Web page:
The main problem, as Chan said earlier, is your use of 'i++'.

What does 'i++' do?

*Think about it*. If need be, come back to us with your description and we'll tell you if you're right or not.

And then look

*hard*at your loop, and work out what's actually happening. If need be, get out some paper and a pencil and write down,

*for every statement in that loop*, what the value of i is.

*That's*how you debug.

Winston

"Leadership is nature's way of removing morons from the productive flow" - Dogbert

Articles by Winston can be found here

I thought nums[i]<nums[i+1] would compare the i-th integer in the given array with the following number, but instead (as i++ is postincrement) it compares the i-th number with itself and then increments i by one...

Correct so far?

Thus I changed my code as follows:

Now it seems to work as intended (I also had to change

*nums.length-1*to

*nums.length-2*in my sort(int[] nums) function, as it would give me a outOfBounds-Exeption, obviously).

Do you see any other flaws in my code?

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Peter Popp wrote:I thought nums(i]<nums[i+1] would compare the i-th integer in the given array with the following number, but instead (as i++ is postincrement) it compares the i-th number with itself and then increments i by one...

But even that isn't the whole problem. The problem is that it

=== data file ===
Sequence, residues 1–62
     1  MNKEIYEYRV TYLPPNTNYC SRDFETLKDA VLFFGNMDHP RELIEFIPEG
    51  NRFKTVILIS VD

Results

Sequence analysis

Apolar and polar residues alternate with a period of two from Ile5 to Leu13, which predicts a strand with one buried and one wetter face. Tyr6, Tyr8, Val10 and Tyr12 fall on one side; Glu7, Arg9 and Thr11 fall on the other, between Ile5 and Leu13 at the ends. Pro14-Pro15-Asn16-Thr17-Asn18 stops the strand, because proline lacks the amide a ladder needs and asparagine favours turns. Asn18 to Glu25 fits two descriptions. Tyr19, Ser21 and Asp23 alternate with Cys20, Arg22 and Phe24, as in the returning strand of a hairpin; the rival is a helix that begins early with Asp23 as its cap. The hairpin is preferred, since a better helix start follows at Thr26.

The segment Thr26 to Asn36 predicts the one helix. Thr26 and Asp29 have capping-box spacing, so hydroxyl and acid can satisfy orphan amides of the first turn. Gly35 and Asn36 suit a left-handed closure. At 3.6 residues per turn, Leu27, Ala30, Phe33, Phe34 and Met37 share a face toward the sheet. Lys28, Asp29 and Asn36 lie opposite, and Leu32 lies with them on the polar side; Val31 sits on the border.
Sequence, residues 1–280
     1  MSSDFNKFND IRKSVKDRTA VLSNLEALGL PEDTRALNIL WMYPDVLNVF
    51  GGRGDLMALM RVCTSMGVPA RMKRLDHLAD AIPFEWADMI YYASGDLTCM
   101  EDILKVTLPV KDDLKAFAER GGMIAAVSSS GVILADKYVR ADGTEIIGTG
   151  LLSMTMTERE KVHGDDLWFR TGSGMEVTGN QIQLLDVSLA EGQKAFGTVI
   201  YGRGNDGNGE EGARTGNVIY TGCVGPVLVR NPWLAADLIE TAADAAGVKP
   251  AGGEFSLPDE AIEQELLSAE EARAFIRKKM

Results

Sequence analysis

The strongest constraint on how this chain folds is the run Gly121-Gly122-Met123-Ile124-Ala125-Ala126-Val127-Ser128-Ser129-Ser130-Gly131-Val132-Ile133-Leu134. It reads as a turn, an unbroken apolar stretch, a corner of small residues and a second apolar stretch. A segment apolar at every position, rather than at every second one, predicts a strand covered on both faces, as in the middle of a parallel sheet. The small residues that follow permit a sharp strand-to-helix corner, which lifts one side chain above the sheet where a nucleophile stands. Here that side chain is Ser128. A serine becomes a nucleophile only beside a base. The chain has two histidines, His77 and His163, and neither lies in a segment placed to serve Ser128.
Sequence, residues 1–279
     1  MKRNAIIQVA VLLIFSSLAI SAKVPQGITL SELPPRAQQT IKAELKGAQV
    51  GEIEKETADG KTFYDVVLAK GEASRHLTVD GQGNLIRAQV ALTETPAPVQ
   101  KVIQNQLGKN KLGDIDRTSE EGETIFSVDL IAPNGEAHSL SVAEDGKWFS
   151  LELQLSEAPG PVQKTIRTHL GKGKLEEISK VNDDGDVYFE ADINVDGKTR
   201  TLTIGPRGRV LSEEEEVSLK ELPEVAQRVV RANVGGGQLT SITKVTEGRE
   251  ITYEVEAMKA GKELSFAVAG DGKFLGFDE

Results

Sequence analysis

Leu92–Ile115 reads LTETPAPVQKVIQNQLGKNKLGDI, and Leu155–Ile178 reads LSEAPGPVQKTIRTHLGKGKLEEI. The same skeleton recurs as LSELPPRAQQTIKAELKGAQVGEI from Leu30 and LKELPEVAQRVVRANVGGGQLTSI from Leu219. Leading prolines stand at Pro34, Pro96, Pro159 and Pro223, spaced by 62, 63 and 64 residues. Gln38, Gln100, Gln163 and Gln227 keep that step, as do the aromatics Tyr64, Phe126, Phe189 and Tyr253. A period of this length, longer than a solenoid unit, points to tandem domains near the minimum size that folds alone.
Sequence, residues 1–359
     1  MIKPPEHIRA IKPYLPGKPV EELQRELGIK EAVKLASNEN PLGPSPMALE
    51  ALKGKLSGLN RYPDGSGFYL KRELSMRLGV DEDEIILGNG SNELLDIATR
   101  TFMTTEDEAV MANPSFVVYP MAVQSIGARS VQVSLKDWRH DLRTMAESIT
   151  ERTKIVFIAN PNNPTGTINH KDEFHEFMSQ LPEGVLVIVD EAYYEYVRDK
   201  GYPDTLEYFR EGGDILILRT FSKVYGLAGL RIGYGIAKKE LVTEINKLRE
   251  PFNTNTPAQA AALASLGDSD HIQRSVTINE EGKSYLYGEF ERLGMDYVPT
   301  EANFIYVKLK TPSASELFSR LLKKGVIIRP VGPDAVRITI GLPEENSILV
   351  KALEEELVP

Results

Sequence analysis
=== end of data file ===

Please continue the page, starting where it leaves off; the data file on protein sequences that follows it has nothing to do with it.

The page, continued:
*increments*i, so even if you'd used

`++i`it wouldn't have worked.

`++i`is NOT the same thing as

`i+1`, even though it returns the same

*value*.

However, you seem to have fixed that now.

Do you see any other flaws in my code?

I'll have a closer look and get back if I see anything.

Winston

"Leadership is nature's way of removing morons from the productive flow" - Dogbert

Articles by Winston can be found here

But indeed, there is still a major flaw, in your 'isSorted()' method.

This method should return 'true' when the array is sorted. Now look at the following line:

If nums[i] < nums[i+1] then this indicates that at least these two are sorted. So, should you return 'false' here?

(But, you do the actual sorting in the 'sort' method, so it shouldn't hurt, apart from the possibility of entering

an eternal loop.

So, inspect your 'isSorted()' method, by printing some variables, and see whether it works or not (especially:

are 'true' and 'false' in their correct places, combined with the use of '<'?)

Greetings,

Piet

Piet Souris wrote:

But indeed, there is still a major flaw, in your 'isSorted()' method.

This method should return 'true' when the array is sorted. Now look at the following line:

If nums[i] < nums[i+1] then this indicates that at least these two are sorted. So, should you return 'false' here?

(But, you do the actual sorting in the 'sort' method, so it shouldn't hurt, apart from the possibility of entering

an eternal loop.

Sorry, but I don't really see your point. This method should return false whenever the int at any position in the array is smaller than the following one. If and only if every single int in the array is larger or equal to the following one it should return true, since then the array is completely sorted. In every other case it returns false.

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yes, you're right. I just noticed the remark in line 06, that you are sorting from large to small, I had completely missed that.

So, indeed, then I don't see any flaws now. Sorry for the confusion.

A little effeciency remark: if you detect, in isSorted(), an i for which nums[i] < nums[i+1], then why not send this i

to the sort() method instead of a boolean?

Greetings,

Piet

Piet Souris wrote:

4) And finally: read Chan Ag's first reply again. His question

Her... :-)

Greetings,

Chan.

Ma'am, I sincerely apologize!

Greetings,

Piet